Book Review: Willing to Believe

Image result for willing to believe sproul bakerOne of the most disputed aspects of Christian theology through the centuries has been the nature of man’s free will.  To what extent is our will able one its own to accept and appropriate salvation?  Must God supernaturally intervene to produce faith, or is that something that an individual can achieve on their own.

Obviously this goes to the heart of the Christian message.  Your idea of how a person comes to salvation will have a huge impact on how you do ministry, how you approach evangelism, how you think about the nature and character of God himself.  Because this is such a foundational issue, it often leads to characterizing those who disagree with straw man stereotypes which are easy to beat down and mock.

The late RC Sproul had a gift for being able to read the views of others and understand what they were saying, even if he disagreed with them.  His goal was always to represent those views in the most accurate terms he could – in ways that people who held those beliefs would recognize their own view.  In Willing to Believe he brings that approach to the views of nine influential thinkers in church history that have contributed to the array of views we see around us today.

Several of the thinkers are those who are influential in Sproul’s own Reformed camp:  Augustine, Luther, Calvin, and Edwards.  You can look at these and see the thread of thought running through these men.  While Luther, Calvin, and Edwards have unique insights, on the whole they are following in the tradition laid down by Augustine.  Sproul devotes small sections to look at some other influential voices within these, like Turretin and the synod of Dort.  All of these look at the need for God to produce faith.  Man is indeed free, but without the regenerating work of the Holy Spirit, our freedom is only a matter of choosing the sin that we prefer.  Our sin nature makes us incapable of reaching out to God in faith apart from the Spirit miraculously intervening in one’s life.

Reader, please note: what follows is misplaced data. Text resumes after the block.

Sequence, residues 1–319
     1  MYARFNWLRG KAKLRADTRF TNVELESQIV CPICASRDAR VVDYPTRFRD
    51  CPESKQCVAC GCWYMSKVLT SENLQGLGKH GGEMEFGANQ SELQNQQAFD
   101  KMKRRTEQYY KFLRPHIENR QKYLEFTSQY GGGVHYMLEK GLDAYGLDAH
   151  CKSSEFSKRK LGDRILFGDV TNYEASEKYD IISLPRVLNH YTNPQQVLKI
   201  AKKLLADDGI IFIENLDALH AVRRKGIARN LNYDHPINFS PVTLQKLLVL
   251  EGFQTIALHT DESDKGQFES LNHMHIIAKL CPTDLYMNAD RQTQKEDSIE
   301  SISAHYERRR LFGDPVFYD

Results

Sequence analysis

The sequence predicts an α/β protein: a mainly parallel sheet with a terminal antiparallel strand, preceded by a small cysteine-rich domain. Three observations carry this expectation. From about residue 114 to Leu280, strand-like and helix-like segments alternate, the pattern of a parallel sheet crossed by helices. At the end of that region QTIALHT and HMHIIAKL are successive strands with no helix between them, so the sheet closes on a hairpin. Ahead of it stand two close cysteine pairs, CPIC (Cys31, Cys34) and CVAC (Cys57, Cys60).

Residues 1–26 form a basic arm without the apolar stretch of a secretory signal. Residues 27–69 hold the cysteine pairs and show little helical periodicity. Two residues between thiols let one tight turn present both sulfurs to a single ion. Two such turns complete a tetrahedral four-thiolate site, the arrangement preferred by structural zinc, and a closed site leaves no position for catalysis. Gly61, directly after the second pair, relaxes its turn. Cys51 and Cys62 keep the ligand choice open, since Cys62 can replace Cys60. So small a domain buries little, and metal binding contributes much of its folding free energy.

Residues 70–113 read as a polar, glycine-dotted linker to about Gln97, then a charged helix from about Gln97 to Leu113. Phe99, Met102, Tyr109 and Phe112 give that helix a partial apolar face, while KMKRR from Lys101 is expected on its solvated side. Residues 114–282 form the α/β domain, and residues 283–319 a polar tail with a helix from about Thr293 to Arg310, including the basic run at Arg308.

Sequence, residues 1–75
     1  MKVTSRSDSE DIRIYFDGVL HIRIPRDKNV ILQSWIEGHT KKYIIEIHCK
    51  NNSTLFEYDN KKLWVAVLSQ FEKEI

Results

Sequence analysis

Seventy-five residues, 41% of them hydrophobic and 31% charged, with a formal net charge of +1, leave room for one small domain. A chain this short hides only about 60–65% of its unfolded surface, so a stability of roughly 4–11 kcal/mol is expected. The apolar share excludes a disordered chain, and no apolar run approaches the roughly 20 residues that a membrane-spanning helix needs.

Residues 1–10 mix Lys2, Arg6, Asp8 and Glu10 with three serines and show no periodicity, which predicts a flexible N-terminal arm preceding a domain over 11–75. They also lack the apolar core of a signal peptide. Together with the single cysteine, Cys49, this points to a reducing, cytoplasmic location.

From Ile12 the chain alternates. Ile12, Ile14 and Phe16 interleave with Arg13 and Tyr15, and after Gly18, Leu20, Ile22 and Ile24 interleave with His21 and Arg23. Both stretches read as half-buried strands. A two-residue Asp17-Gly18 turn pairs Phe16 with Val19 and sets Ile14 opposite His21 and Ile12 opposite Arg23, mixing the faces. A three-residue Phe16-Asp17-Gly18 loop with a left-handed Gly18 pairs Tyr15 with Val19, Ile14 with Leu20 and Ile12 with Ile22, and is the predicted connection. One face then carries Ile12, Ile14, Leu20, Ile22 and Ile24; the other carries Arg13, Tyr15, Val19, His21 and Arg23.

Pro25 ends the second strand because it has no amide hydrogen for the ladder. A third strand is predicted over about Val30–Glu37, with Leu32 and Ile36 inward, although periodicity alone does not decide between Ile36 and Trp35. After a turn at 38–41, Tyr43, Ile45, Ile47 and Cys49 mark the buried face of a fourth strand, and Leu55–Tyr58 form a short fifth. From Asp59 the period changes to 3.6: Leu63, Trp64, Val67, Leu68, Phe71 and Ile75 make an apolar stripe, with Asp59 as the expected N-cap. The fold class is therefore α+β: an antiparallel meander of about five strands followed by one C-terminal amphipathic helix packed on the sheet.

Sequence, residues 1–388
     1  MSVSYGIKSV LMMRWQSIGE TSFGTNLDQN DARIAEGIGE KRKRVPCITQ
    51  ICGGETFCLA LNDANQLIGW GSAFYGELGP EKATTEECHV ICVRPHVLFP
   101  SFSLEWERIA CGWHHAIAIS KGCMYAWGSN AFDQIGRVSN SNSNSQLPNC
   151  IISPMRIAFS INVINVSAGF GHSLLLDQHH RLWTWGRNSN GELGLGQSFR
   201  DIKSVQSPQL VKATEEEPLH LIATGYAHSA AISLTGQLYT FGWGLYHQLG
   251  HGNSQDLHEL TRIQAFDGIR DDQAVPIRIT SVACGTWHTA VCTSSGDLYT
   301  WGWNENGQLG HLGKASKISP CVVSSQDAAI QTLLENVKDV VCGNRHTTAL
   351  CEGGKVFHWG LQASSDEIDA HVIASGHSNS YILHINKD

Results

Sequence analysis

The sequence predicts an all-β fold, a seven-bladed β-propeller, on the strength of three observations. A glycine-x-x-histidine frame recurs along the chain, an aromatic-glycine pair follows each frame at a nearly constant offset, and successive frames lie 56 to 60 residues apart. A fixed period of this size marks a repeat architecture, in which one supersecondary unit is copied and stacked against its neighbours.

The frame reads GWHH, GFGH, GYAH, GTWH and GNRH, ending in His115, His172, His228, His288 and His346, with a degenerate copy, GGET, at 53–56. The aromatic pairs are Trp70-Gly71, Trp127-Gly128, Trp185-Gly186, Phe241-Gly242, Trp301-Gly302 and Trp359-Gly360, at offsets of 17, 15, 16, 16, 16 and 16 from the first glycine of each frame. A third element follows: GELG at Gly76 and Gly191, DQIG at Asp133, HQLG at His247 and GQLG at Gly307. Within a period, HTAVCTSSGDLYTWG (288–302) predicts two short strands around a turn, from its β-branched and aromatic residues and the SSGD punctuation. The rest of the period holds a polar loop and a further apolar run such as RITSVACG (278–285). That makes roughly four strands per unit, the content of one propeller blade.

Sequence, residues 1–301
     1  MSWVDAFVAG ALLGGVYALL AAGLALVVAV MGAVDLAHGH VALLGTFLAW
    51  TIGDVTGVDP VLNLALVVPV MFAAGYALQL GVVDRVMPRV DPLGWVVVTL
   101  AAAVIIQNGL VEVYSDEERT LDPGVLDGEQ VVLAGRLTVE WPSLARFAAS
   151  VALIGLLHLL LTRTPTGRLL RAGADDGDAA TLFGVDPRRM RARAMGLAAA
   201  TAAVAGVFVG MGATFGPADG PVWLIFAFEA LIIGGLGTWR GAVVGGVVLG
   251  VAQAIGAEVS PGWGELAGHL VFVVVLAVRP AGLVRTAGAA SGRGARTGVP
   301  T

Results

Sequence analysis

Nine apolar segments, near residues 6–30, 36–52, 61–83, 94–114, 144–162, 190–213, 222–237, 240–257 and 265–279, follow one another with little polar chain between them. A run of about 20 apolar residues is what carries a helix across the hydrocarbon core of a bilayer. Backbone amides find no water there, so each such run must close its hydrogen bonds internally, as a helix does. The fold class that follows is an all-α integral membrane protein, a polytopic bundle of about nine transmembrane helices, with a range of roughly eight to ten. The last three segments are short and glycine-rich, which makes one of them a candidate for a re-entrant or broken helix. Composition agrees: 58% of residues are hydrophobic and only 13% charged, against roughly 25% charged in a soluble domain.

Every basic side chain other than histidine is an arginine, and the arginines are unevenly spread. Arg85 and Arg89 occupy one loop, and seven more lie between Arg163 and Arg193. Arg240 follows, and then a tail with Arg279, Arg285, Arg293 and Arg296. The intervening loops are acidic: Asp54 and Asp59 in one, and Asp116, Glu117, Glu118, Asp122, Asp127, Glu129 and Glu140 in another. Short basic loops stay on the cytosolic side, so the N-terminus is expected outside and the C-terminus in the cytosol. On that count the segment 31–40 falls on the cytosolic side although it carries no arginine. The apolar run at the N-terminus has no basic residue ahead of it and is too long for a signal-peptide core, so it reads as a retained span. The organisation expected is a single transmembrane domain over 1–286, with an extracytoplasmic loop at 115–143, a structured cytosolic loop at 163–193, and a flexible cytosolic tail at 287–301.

In contrast to this, Sproul looks at five competing approaches.  He looks at Pelagius, the ancient heretic who argued that man could earn his salvation by his own works.  He looks at the Roman Catholic system which he labels semi-Pelagian.  James Arminius is shown in contrast to the views of the Reformation, breaking from Calvin and Luther and embracing a view that is closer to the Catholic views.    Charles Finney had a view that man’s nature is not inherently depraved and therefore there is no obstacle to faith except the need to present the gospel.  Finally we see Chafey, a major influence in Dispensationalism, whose doctrine of prevenient grace means all men have the power to grasp God’s free offer of grace.  Sproul shows how Billy Graham was the heir of Finney and Chafey.

This is not a devotional book.  It is not full of illustrations or application points in your life.  Sproul’s desire in this is for you to understand the ancestors of your own view on the freedom of the will, whether in his own Reformed camp or not.  He presents each view fairly and – for those with whom he disagrees – he presents what he thinks are the Biblical weaknesses of the view.  Overall I thought it was a helpful work, if only to encourage us to discuss opposing views with fairness and honesty rather than straw men.

I received a free copy of this book from Baker Books in exchange for an honest review.


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